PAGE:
Tips For College Students Wanting To Stay Out Of Debt
Student loans can ruin careers. The Economist reported that student loan debts ran up to $1.2 trillion in the U.S. with 7 million debtors in default. Don't get crushed under the weight of student loan debts.
Staying out of debt is a tricky situation when your employability (i.e. getting a college degree) is predicated on taking on huge amounts of debt in the first place. However, having an awareness to your current and future financial situation is not enough to hoist yourself out of a bog of debt. You'll need to be aware of all of the borrowing programs available from the government as well as from your university, you'll need to keep an eye out for scholarships and learn how to budget, and finally, you have to balance your life as a college student with your financial obligations.
Luckily, you can break down the problem of student loan debt into smaller, more manageable goals to lead to the best financial outcomes. Let's review some of the major ways you can do just that.
Explore and Take Advantage of Your Options
Depending on school rank and whether or not you are attending a private school, the average cost of tuition can range from around $24,000 to $49,000 a year. That's a lot to expect someone who doesn't even have an income and is just getting introduced into the job market as a prospect to be able to handle. In comparison, the average American under 65 is making just $46,409 per year.
On top of tuition you usually also have to pay for a variety of other day-to-day conveniences, room and board, and for your textbooks. To survive as a student, you'll need as much help as you can get, and your university and the federal government are two surefire institutions to consult about debt.
Regarding the federal side of things, there are a few types of federal loans that you can apply for including direct subsidized and unsubsidized loans, Direct PLUS loans, and Federal Perkins Loans. The conditions and amount of lending for each are outlined as part of the federal government's student aid programs . Depending on how you want to structure your debt, you can mix these federal options with debts from private financial institutions as well.
Another popular option that can easily contribute about $4,000 to $5,000 per year towards your student loans is the Federal Work-Study program, which allows students to work jobs on campus in exchange for a payment. The government subsidizes a number of campus jobs so that the university is willing to allow for some positions to be exclusively filled by students. This way, you can add something to your routine that will directly contribute to lessening the total amount of debt you have to pay at the end of your college career.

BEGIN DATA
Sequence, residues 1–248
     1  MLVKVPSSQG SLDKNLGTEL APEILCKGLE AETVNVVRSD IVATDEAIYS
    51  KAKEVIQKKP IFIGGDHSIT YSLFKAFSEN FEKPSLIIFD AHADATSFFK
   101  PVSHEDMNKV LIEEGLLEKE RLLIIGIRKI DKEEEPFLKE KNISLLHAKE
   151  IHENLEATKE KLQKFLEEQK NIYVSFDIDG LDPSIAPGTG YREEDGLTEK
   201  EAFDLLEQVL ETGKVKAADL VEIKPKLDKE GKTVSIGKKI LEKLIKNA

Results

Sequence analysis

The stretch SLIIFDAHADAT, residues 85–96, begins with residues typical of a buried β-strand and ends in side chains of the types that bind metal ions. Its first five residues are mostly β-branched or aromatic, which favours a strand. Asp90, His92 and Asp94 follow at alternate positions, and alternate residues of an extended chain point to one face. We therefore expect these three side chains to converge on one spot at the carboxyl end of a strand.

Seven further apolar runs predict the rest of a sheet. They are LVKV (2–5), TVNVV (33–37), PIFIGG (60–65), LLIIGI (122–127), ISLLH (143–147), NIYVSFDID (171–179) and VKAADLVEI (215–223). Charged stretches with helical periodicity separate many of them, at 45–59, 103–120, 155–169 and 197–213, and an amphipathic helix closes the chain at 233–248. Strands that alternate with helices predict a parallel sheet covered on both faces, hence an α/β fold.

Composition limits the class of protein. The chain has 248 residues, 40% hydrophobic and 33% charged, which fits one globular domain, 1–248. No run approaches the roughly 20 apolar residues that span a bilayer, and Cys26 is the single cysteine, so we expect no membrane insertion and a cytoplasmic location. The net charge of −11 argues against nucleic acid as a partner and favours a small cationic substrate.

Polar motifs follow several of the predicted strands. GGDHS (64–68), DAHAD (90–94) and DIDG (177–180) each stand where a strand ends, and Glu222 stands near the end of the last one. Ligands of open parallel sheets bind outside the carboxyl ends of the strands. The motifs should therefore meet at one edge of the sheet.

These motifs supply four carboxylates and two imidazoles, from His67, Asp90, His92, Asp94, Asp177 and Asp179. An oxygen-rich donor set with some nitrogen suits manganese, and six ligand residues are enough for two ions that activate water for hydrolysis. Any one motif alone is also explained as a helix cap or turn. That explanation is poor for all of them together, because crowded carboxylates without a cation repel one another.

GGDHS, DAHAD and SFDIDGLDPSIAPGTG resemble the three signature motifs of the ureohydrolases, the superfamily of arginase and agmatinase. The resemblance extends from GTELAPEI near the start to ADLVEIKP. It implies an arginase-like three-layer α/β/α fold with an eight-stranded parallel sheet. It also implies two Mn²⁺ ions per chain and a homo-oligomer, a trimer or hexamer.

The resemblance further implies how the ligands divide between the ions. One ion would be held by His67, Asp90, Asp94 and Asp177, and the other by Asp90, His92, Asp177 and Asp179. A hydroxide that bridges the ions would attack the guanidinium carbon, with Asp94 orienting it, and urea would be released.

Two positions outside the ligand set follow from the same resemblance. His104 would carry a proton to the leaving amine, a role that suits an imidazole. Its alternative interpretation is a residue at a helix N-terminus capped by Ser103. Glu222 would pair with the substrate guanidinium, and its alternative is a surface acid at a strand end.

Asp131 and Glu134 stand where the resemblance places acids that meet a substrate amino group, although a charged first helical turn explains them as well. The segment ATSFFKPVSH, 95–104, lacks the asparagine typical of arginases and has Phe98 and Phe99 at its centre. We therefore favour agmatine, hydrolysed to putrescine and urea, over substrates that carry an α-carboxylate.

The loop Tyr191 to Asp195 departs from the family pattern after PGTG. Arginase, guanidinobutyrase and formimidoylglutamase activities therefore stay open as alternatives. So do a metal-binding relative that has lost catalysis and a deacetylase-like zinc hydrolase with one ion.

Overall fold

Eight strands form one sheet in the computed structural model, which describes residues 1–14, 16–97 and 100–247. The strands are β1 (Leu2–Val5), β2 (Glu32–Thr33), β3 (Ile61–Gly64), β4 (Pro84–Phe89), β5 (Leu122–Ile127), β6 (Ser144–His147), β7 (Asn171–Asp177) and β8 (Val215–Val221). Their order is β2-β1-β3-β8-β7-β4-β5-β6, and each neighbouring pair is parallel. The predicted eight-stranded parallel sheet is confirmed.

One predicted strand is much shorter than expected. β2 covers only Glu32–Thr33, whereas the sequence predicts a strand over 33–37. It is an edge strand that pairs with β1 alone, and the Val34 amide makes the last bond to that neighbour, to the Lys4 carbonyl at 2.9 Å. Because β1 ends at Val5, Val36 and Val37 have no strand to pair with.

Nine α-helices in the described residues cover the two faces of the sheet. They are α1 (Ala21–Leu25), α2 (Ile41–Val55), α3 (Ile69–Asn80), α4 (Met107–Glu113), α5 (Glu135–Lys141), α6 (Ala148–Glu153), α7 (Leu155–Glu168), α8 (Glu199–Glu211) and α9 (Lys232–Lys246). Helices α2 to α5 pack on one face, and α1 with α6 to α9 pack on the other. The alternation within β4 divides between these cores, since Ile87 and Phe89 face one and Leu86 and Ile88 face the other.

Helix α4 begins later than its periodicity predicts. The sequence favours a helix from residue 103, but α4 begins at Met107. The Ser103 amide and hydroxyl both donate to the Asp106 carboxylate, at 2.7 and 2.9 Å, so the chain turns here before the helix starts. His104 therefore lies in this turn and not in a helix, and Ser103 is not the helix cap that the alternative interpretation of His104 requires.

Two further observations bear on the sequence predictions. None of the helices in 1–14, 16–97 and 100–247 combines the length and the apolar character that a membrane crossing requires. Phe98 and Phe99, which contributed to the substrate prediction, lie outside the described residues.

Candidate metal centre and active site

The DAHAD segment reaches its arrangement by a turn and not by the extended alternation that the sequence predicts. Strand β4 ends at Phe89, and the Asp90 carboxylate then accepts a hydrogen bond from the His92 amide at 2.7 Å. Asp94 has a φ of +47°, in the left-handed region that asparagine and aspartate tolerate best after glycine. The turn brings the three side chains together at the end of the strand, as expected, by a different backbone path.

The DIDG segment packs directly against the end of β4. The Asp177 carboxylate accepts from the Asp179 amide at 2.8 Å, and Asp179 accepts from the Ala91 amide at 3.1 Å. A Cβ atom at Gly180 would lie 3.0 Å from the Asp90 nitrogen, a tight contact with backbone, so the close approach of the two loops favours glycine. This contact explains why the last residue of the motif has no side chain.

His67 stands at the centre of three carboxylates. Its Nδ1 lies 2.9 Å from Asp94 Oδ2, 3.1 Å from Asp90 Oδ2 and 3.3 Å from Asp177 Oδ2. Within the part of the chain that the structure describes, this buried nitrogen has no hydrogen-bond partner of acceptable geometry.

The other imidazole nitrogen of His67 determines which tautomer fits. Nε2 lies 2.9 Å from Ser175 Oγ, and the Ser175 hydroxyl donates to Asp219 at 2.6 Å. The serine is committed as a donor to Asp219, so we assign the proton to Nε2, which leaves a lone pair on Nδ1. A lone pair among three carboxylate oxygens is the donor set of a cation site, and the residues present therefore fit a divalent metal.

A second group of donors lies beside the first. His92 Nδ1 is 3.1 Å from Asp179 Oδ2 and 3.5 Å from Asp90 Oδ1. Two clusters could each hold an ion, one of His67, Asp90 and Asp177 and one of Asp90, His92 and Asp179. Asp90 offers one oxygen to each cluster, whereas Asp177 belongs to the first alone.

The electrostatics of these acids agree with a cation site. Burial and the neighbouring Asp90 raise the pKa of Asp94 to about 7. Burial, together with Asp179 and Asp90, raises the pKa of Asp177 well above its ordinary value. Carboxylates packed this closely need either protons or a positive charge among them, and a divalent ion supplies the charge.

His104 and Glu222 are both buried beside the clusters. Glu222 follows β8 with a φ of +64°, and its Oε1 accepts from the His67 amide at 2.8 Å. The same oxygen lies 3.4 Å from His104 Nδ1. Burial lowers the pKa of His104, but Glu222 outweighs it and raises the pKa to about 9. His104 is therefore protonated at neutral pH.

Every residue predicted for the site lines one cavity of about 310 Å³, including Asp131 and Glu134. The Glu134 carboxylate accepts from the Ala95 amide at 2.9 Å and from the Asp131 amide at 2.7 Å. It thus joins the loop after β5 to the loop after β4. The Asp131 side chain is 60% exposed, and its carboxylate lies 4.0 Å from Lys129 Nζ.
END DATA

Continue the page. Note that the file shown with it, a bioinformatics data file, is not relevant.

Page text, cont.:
On the institutional side, a number of universities offer need-based grants to certain students than can significantly cut debt. Many universities explain how need is calculated. If you just Google for need-based grants at your university, you will likely find a nice page with relevant statistics and contextual info to help you apply like in this example for Vanderbilt University.
Between Federal loans, a work-study program, and university need-based grants, you will probably be able to knock out a majority of your debt or at the very least make it a lot less intimidating to deal with.
Scholarships and Proper Budgeting
These are the action-based aspects of staying out of debt. This section stresses looking for what's available for you to mitigate the amount of debt you take on right off the bat. This section highlights what actions you can take that will directly contribute to big cuts in the total value of your student loan debt.
Primarily, you'll want to search for merit-based scholarships. Your school probably offers them based on your major as well as your GPA. Aside from these types of scholarships, you might want to think about the types of talent you have and try to see if there are any competitions that offer a prize in the form of an academic scholarship.
The key to obtaining scholarships from outside your school is to regularly complete a lot of them. Obviously, give your best effort for each one, but your chances of getting any one scholarship will go up simply based on the volume and quantity of your applications. Check out scholarship aggregation sites like UNIGO or ask your college career advisor to get more details.
Proper budgeting covers a lot of topics, but a general thing you'll want to do is to keep track of your expenditures using a program like Mint or You Need a Budget. These softwares will help you locate where you're wasting the most money so that you can curb your spending behaviors on a month-to-month basis. Aside from that, you'll also want to look into self-credit repair and take full advantage of paid internships - if you can land one - during the summer to further offset your living costs and to build up some savings that you can use to pay off your student debt.